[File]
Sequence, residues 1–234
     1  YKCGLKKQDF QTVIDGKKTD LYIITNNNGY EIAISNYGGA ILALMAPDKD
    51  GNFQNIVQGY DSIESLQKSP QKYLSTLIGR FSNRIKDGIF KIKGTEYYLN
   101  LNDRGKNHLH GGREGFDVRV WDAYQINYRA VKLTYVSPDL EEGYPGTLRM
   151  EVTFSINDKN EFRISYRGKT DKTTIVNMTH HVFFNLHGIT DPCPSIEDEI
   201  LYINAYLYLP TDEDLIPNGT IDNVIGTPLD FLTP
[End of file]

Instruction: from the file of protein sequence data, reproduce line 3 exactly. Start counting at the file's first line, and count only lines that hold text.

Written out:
    51  GNFQNIVQGY DSIESLQKSP QKYLSTLIGR FSNRIKDGIF KIKGTEYYLN